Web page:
The content of European Council working party meetings on the EU’s tobacco policy review is being leaked to the industry, said an EU source who added that the debate is “hotting up”.
The tobacco industry receives notes and documents from ministerial meetings on the revision of the Tobacco Products Directive and prepares lobbying materials targeting specific policymakers, and the tobacco lobby has sent out the campaign letters using the information as soon as one day after they took place.
“There is an issue that reports of working party meetings are obviously going to tobacco industry," said the source. "Somewhere in the chain there’s a leakage of reports. Then industry goes to certain capitals and complains about the positions taken up by some member states.
“That shouldn’t really be happening. They shouldn’t be engaging with the tobacco industry on issues of public health policy. It’s hotting up at the moment. It’s getting more real,” he said.
The European Council holds working party meetings with national representatives and members of the Commission. Decisions taken at the meetings are sent back to national experts who mull over the legislative amendments. Representatives then reconvene to discuss the proposals of the national experts.
The Council has held so far nine meetings on the revision of the tobacco directive, with another five scheduled for before June when ministers are expected to take up an official position.
The next meeting on the tobacco directive is due on Thursday (16 May), but it may be delayed due to recent strikes at the Council, an unexpected boon for the tobacco industry.
The tobacco industry, which employs over 100 full-time lobbyists in Brussels, is also waging an intense campaign in the European Parliament. MEPs complain of receiving dozens of e-mails, letters and brochures
“MEPs will tell you they’re being bombarded. It’s often through front organisations acting on their [tobacco’s] behalf,” the source told EURACTIV.
The source said that the industry produces reports predicting, for example, a rise in illicit tobacco trade if the Commission’s proposals go through in their current form.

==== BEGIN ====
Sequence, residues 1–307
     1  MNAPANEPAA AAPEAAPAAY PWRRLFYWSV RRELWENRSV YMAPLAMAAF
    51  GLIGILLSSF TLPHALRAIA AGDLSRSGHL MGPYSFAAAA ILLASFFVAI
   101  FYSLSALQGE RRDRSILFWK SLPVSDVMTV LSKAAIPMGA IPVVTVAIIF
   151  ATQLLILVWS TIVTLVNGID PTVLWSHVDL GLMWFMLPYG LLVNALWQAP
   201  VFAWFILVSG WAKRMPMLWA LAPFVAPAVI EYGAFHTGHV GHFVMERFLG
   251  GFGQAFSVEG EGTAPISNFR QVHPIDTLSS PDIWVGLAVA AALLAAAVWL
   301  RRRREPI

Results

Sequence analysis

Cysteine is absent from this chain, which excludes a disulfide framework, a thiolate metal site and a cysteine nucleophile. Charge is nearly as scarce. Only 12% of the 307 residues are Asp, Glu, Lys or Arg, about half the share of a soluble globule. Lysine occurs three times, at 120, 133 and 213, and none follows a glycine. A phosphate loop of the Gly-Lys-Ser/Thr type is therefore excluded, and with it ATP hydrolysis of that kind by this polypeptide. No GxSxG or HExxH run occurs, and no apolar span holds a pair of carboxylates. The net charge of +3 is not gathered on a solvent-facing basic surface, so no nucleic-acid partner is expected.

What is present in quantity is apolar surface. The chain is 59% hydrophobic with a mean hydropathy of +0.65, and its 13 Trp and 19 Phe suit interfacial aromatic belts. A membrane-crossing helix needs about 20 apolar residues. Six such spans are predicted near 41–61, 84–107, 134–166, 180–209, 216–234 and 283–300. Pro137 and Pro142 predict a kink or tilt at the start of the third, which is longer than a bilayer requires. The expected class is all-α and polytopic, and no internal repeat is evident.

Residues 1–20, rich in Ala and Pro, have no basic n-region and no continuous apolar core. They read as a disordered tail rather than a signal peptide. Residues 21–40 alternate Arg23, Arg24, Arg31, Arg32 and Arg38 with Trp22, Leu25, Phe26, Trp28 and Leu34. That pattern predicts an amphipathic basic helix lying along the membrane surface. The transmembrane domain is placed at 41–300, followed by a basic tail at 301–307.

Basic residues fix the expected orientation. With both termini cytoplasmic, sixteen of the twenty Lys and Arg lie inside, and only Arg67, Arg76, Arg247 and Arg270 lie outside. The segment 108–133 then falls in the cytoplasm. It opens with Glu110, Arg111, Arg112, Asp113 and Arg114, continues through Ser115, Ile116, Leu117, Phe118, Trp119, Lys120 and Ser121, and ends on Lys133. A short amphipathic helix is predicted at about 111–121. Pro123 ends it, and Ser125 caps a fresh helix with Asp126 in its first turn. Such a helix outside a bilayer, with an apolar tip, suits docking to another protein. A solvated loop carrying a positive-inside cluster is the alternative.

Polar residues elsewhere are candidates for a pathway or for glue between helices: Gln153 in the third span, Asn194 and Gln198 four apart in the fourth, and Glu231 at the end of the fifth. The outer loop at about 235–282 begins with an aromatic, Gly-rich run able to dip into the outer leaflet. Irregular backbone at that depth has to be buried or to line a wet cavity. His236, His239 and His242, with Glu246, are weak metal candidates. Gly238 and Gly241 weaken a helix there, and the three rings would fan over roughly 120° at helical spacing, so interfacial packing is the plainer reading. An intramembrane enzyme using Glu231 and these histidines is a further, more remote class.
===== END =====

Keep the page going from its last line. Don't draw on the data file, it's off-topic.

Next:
The industry also applies pressure closer to home. "We had a lobbyist from the tobacco industry – BAT [British American Tobacco] if I remember correctly – trying to organise small retailers in my constituency to complain about the draft Commission law," the British MEP drafting the amendments, Linda McAvan, said in emailed comments.
Economic arguments are particularly prevalent, holding more sway during the economic crisis. Anti-smoking campaigners have accused the British government of stalling on plans for standardised, “plain” packaging because industry claimed it would move its packaging suppliers abroad if the government carried through with the move.
"Since the UK government has u-turned on their plan to introduce plain packaging, we may see an increase as industry turns their attention to Brussels," said McAvan, a Labour politician.
The aggressive campaign may be working. “The positions of some member states closely resemble the tobacco industry position,” another source said.
Some political groups also may have been influenced by the industry, he said, adding that some UK Independence Party MEPs often present arguments which closely resemble those of the industry.
Other politicians in the Parliament’s Europe of Freedom and Democracy Group, such as members of the eurosceptic Italian Northern League, have also given statements which appear like a pure copy and paste from industry campaign materials. “But sometimes this is broken down on national lines rather than political groups,” the source said.
“MEPs should be careful about meeting with the lobbyists but it depends on the political group how careful they are.”
In general these MEPs are pro-industry and regard EU regulation on smoking as indicative of a supranational “nanny state”.
The Commission and the Irish EU presidency are attempting to push through the amendments to the tobacco directive as soon as possible to avoid the inevitable delays that would be caused by next year’s European elections.
The Commission says that its proposed amendments to EU tobacco rules would see only a 2% drop in consumption over five years, stressing that the measures will not affect regular smokers but are aimed at preventing uptake amongst the youth.